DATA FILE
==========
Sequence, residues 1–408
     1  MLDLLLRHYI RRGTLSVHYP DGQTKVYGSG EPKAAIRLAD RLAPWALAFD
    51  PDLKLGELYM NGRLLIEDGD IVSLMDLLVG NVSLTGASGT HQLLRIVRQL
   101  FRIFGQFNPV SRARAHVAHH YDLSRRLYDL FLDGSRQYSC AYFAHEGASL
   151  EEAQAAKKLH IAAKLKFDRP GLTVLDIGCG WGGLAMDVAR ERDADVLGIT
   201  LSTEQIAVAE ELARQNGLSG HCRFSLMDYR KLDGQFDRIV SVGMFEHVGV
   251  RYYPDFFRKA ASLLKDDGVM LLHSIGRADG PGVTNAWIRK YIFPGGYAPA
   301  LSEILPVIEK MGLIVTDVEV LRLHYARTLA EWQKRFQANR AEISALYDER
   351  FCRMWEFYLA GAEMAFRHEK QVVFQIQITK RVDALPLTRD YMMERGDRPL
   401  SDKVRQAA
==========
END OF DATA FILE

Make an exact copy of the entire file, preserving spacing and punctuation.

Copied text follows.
Sequence, residues 1–408
     1  MLDLLLRHYI RRGTLSVHYP DGQTKVYGSG EPKAAIRLAD RLAPWALAFD
    51  PDLKLGELYM NGRLLIEDGD IVSLMDLLVG NVSLTGASGT HQLLRIVRQL
   101  FRIFGQFNPV SRARAHVAHH YDLSRRLYDL FLDGSRQYSC AYFAHEGASL
   151  EEAQAAKKLH IAAKLKFDRP GLTVLDIGCG WGGLAMDVAR ERDADVLGIT
   201  LSTEQIAVAE ELARQNGLSG HCRFSLMDYR KLDGQFDRIV SVGMFEHVGV
   251  RYYPDFFRKA ASLLKDDGVM LLHSIGRADG PGVTNAWIRK YIFPGGYAPA
   301  LSEILPVIEK MGLIVTDVEV LRLHYARTLA EWQKRFQANR AEISALYDER
   351  FCRMWEFYLA GAEMAFRHEK QVVFQIQITK RVDALPLTRD YMMERGDRPL
   401  SDKVRQAA